Every father and mother is indeed a guru in fact, an individual’s first guru, teaching by example, explanation, giving advice and direction. When we think of gurus, we automatically think of teaching, thus looking at parents as gurus highlights the importance of what parents teach their children, grandchildren and possibly even their great grandchildren.
A swami is an individual’s second spiritual guru. A simple analogy will point out why swamis are deeply concerned about what parents teach their children. Imagine being a young man or woman’s second dance teacher. If the first teacher has not been systematic in teaching the basics of dance, the second teacher may end up spending years undoing what the first teacher ineptly taught before he can advance the student further.
A common problem many individuals have when entering adult life is a negative self-concept. This is the sense of feeling that you are inherently flawed and inferior and that others are vastly superior to you. Parents create this in their children through frequent critical comments, such as “How could you do such a stupid thing?” “You’re so dumb!” “You’ll never amount to anything.” It can take the swami years of working with the individual to help him replace a low self-esteem with a sense of personal worth. This would be totally unnecessary if the parents had raised the child wisely to cultivate good character.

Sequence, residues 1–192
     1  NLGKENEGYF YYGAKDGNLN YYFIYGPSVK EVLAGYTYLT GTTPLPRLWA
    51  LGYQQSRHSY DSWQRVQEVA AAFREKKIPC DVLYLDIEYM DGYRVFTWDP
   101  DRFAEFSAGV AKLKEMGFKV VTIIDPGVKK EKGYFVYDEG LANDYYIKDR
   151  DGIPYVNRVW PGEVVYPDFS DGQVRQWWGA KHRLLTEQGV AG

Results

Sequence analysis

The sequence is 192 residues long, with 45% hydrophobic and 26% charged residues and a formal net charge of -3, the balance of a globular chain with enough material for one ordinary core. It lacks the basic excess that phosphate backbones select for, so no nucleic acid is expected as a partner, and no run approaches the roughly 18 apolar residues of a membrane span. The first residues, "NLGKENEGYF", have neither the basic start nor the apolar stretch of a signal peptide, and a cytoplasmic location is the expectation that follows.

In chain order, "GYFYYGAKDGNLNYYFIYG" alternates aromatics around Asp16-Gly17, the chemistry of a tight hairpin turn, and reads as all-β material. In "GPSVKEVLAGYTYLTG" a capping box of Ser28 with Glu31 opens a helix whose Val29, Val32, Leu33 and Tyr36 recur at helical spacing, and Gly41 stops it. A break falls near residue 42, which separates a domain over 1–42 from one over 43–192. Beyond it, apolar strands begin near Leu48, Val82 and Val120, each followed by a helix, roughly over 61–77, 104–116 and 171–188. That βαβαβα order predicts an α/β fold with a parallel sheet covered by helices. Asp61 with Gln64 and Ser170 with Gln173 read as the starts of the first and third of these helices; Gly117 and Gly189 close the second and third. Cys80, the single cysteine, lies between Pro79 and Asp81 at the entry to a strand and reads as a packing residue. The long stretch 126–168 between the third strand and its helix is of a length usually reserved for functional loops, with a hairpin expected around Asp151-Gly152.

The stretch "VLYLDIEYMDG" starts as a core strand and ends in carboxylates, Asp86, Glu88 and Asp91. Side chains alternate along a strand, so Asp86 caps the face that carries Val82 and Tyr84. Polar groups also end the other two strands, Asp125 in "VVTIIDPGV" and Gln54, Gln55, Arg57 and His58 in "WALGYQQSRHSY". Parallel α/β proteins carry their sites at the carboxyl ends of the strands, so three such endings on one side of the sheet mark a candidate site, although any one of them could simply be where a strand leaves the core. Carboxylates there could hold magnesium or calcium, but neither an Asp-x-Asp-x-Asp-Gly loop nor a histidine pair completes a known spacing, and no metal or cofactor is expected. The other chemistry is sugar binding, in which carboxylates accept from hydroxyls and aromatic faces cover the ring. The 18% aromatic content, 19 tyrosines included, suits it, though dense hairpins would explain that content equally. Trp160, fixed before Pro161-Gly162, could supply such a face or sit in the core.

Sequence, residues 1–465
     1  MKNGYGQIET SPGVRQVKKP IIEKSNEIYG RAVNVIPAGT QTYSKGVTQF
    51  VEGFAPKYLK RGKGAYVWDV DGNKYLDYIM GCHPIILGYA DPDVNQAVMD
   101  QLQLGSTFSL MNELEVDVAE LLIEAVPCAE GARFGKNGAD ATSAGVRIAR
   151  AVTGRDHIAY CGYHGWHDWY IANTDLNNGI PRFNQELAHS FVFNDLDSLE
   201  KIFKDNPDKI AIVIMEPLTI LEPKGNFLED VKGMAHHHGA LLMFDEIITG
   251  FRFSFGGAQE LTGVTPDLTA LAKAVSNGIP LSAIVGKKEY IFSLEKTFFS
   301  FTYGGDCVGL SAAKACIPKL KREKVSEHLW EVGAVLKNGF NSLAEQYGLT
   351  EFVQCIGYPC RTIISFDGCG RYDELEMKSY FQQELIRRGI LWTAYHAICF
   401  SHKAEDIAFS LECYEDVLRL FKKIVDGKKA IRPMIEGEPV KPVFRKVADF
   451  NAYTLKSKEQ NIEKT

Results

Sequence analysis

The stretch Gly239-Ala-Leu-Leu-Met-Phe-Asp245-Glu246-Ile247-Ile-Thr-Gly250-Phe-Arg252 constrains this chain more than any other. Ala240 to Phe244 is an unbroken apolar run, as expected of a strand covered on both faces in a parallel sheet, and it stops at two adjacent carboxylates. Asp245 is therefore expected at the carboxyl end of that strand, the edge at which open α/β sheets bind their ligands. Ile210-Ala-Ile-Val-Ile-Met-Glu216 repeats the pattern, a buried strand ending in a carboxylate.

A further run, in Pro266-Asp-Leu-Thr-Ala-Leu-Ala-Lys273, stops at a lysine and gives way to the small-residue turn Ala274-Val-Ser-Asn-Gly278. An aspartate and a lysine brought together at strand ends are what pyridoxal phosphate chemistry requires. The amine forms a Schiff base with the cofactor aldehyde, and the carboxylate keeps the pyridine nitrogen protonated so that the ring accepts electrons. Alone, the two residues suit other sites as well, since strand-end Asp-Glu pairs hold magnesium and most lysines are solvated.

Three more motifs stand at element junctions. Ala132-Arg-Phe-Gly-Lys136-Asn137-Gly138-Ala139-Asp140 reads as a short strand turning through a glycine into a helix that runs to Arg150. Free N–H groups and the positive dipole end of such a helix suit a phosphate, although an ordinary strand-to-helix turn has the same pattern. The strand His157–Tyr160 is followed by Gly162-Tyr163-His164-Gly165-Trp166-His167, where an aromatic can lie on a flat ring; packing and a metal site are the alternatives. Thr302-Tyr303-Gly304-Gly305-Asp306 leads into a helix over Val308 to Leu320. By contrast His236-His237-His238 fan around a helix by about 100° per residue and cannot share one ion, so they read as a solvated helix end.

There are nine key qualities we want our children to possess in order to be happy, religious and successful when they reach adulthood. We will explore each of these to see what children should be taught, or not taught, by the parents to develop that quality.
1. Positive Self-Concept is when we think of ourselves as a worthy individual deserving of a wonderful life. Unfortunately, many children reach adulthood with a negative self-concept, feeling that others are better than they are and life has little to offer. A negative self-concept is developed through verbally running down a child. This can occur in two distinct situations. The first is simply making these kinds of remarks as a form of teasing or joking. This, of course, needs to be stopped and replaced with remarks that encourage and praise the child. Parents should also not allow their children to call each other names, such as fat or lame. When it comes to correcting misbehavior, it is wise to distinguish between the person and the behavior. The behavior was foolish, not the person. For example, “What you did was very foolish, but you are smart, and I’m sure you now know better and won’t do that again.” Having a positive concept about his outer self allows the child to accept the Hindu teaching that his inner self is a divine being, a radiant soul.
2. Perceptive Self-Correction is when we are able to quickly learn the lesson from each experience and resolve not to repeat our mistake. How do parents develop this quality? By teaching kids that making mistakes is not bad. Everyone makes mistakes. It is natural and simply shows we do not understand something. It is important for the parent to determine what understanding the child lacks and teach it to him without blame. When parents discipline through natural and logical consequences, children are encouraged to learn to reflect on the possible effects of their behavior before acting. Such wisdom can be nurtured through encouraging self-reflection, asking the child to think about what he did and how he could avoid making that mistake again. Perceptive self-correction enables us to quickly learn from our mistakes, refine our behavior accordingly and thereby make more rapid progress on the spiritual path.